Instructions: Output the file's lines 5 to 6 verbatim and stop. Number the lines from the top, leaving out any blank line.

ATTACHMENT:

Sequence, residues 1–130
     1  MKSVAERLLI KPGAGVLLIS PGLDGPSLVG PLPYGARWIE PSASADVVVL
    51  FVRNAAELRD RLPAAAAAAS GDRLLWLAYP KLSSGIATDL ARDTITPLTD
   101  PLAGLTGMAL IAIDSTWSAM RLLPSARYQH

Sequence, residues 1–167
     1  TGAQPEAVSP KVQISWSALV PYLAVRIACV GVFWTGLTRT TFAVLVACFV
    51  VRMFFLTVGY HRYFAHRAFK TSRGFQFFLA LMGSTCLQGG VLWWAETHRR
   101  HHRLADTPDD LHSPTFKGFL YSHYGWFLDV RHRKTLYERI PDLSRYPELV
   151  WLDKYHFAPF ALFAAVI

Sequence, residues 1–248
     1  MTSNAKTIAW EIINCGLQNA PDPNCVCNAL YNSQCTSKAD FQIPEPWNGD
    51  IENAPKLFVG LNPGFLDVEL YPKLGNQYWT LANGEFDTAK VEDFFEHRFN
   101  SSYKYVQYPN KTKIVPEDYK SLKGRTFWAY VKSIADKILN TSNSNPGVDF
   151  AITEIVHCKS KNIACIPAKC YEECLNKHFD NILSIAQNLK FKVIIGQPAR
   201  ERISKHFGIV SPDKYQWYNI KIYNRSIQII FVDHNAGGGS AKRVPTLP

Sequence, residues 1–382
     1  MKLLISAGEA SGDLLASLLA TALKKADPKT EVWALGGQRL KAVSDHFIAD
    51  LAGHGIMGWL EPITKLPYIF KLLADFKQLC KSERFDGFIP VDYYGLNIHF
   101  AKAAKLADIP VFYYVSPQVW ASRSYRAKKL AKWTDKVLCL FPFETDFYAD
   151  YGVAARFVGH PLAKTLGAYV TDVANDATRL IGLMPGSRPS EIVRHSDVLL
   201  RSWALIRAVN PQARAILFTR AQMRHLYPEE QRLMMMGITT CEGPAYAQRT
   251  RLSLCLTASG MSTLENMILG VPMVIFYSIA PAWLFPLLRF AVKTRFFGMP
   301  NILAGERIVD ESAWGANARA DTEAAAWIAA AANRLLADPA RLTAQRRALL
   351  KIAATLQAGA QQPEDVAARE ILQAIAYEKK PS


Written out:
Sequence, residues 1–167
     1  TGAQPEAVSP KVQISWSALV PYLAVRIACV GVFWTGLTRT TFAVLVACFV